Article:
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Monitoring and configuring disks
1. Nearly all your disk configuration activity can be performed with the ______ console snap-in.
Monitoring, configuring, and troubleshooting volumes
2. If you want to monitor disk usage by user, activate the ______ feature.
3. How many partitions can you create on a dynamic disk?
Installing, configuring, and managing DVD and CD-ROM devices
4. For the best possible disk performance, create a ______ volume.
5. If Windows XP doesn't play movies with a given DVD drive, you should ______.
Monitoring and configuring removable media
6. A removable cartridge disk can contain a maximum of ______ partition(s).
Managing printers and print jobs
7. In Microspeak, the software interface between the operating system and a physical print device is called a ______.
Connecting to a local print device
8. You can create a printer ______ so that a single logical printer connects to multiple physical print devices.
9. You can tell that a specific printer is the default printer because its icon features a ______.
Connecting to an Internet printer
10. You can connect to a TCP/IP network printer by using the printer's ______ or its ______.
1. Disk Management. 'Hard Drives, Partitions, and Volumes' refers to this utility, which supersedes the NT 4.0 Disk Administrator tool.
2. Quota. See 'Setting quotas' for the details.
3. None. Mildly tricky, sorry. Dynamic disks use volumes instead of partitions. See 'Hard Drives, Partitions, and Volumes' for this and other wisdom.
4. Striped. No points if you said 'fast.' The 'Creating dynamic volumes' section has the lowdown.
5. Get a decoder. Windows XP doesn't come with one. The 'Optical Disks' section elaborates.
6. One. The 'Removable Media' section has more.
7. Printer. If you missed this one (and most do), 'A bit of terminology' is the section to read.
8. Pool. See 'Pooling' in this chapter for how to set this up.
9. Check mark. See 'Installing a new printer' for more.
10. IP address, DNS name. The 'Finding a printer' section explains.
Hard Drives, Partitions, and Volumes
Organizing disk drives is a central function of any operating system and a sure subject for exam questions. Windows XP supports two kinds of disk organization:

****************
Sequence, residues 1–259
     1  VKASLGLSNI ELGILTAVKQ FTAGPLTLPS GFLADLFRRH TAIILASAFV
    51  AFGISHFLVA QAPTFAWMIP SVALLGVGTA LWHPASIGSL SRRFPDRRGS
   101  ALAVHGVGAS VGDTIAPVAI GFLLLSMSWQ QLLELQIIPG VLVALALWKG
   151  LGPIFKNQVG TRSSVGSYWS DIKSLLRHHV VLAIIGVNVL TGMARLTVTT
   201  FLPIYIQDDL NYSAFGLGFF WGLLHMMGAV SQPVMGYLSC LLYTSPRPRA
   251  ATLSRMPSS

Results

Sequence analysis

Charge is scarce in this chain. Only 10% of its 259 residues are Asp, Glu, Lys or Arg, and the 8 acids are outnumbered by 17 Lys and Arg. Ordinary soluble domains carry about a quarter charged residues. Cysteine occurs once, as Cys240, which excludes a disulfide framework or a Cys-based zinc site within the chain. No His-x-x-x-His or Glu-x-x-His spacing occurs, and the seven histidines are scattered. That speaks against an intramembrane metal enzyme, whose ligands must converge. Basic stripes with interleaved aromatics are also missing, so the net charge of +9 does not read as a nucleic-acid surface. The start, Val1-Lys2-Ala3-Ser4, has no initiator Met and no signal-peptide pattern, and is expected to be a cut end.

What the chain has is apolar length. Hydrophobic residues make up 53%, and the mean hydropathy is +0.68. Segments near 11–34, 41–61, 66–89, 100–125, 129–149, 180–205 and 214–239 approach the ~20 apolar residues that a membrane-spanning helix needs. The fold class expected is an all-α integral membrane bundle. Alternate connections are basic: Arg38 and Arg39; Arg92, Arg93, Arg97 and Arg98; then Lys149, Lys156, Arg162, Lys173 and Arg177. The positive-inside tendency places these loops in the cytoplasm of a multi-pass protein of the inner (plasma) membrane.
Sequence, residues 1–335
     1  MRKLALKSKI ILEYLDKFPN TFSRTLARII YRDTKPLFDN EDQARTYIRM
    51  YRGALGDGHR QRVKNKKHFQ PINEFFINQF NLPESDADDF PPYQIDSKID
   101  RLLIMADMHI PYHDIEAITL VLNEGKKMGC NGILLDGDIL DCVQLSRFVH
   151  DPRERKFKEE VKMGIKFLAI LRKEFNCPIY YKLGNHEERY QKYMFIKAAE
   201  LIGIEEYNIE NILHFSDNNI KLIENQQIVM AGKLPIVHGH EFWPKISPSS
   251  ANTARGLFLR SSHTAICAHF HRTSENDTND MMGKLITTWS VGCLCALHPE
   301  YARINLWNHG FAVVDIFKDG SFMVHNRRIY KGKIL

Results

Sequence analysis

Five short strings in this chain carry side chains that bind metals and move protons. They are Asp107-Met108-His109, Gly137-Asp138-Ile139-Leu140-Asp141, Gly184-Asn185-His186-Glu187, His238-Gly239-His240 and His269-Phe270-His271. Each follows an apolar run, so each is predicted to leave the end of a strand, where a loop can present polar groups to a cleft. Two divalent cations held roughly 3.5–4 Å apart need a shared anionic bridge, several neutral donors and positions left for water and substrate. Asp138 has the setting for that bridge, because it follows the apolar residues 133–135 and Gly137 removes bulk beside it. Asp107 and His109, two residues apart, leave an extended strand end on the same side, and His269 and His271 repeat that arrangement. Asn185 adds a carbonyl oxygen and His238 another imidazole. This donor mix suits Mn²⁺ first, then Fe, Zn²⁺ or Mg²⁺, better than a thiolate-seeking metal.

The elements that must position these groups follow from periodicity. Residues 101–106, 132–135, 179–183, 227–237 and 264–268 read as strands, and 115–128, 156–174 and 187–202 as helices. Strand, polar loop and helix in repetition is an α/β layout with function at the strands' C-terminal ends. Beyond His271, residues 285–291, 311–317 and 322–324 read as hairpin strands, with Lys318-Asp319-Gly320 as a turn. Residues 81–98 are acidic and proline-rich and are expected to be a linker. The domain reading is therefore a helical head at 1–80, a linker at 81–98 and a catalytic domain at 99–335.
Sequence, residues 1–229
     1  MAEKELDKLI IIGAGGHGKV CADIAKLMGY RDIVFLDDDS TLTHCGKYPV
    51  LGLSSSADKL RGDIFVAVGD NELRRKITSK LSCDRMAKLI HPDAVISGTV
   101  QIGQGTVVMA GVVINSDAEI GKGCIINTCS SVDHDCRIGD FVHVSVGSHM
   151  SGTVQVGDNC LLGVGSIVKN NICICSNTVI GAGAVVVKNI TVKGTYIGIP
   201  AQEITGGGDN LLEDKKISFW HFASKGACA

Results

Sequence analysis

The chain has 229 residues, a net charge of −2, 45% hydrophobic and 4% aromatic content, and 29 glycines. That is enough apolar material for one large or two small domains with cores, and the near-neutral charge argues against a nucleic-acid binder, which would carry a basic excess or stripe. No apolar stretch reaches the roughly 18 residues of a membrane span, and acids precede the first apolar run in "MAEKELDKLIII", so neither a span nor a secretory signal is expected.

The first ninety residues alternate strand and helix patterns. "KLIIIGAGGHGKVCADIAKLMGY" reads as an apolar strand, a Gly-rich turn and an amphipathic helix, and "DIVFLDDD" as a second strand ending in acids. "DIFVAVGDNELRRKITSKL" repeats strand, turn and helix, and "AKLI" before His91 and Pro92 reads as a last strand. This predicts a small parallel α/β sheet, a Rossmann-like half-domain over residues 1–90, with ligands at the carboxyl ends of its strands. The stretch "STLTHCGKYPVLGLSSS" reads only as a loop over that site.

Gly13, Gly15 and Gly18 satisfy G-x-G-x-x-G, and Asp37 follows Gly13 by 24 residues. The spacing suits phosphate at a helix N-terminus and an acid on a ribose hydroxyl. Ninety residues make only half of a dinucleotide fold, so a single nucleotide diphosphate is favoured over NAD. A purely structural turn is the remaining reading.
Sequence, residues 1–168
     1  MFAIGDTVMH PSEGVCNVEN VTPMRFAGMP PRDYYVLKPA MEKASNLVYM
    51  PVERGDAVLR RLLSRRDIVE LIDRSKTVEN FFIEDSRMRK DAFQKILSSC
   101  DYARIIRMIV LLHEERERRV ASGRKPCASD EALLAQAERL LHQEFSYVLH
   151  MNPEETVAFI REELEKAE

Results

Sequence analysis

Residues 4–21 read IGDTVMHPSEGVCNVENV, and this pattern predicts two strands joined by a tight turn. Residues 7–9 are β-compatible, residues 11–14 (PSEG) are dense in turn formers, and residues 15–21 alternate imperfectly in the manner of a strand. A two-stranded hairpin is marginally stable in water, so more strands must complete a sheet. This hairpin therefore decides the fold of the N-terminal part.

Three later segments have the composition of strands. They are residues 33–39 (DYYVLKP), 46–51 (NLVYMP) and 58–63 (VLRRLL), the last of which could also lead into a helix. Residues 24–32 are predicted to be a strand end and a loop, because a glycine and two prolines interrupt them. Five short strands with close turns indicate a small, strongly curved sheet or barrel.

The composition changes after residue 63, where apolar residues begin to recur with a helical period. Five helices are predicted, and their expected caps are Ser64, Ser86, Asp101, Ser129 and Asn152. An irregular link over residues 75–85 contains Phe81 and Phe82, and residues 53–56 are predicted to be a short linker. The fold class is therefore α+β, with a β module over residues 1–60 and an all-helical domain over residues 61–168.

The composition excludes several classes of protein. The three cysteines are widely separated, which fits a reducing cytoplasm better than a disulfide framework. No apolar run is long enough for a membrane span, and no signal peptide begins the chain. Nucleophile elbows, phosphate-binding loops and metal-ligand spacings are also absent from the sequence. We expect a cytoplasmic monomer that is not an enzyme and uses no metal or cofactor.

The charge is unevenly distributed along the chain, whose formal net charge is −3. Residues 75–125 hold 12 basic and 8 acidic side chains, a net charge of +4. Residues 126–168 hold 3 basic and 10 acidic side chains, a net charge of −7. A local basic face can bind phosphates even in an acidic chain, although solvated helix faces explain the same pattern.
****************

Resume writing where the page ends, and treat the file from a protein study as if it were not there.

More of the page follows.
* Basic disks, which use partitions (which Microsoft also calls basic volumes) to organize the disk into storage units in much the same way that Windows NT Workstation 4.0, Windows 98, and MS-DOS do.
* Dynamic disks, which use dynamic volumes to organize the disk and which are unique to Windows XP and 2000.
Remember Use partitions with basic disks. Use volumes with dynamic disks.
Dynamic disks use a special database, called the Logical Disk Manager (LDM) database, that lives on the disk's last megabyte of space. Windows replicates the LDM database onto each disk in a dynamic disk group. Because only Windows XP and 2000 know how to access and interpret the LDM, dynamic disks work only with those operating systems.
A single physical disk must be basic or dynamic. On a PC with multiple disks, however, basic disks can cohabitate with dynamic disks.
Windows XP sets up disks as basic disks by default. You can upgrade a basic disk to a dynamic disk with the Disk Management utility (see Lab 7-1 later in this chapter). You might perform such an upgrade if you want to create a striped volume (for better speed) or a spanned volume (for better use of space).
Instant Answer If you're upgrading a Windows NT 4.0 system to Windows XP Professional, and that NT system uses a mirror set, stripe set, or stripe set with parity (all of which are multidisk sets that NT permits), Microsoft suggests you back up and delete the multidisk set before upgrading to XP because XP can't see NT multidisk sets. If desired, you can re-establish a multidisk set by converting basic to dynamic disks after you perform the operating system upgrade, and restore from your backups. In the special case of an NT system with a mirrored system volume or boot volume, you can break the mirror set before performing the upgrade, but you don't have to do a backup and restore.
You can use dynamic disks with any of the three Windows XP file systems, but certain features, such as extending a volume, are available only if you use NTFS. (If you don't know what the heck NTFS is, please read Chapter 3.)
Instant Answer No matter whether you use basic or dynamic disks, Windows XP Professional does not provide any form of fault tolerance for disks in any configuration. Sadly, you don't get mirroring, duplexing, or RAID unless you use Windows 2002 Server or Windows 2000 Server, or unless you buy a third-party hardware solution that provides such features independently from the operating system.
Configuring hard drives
The actions that you can take to configure hard drives are
* Partition a basic disk
* Extend a partition
* Promote a basic disk to a dynamic disk
* Create dynamic volumes
* Extend dynamic volumes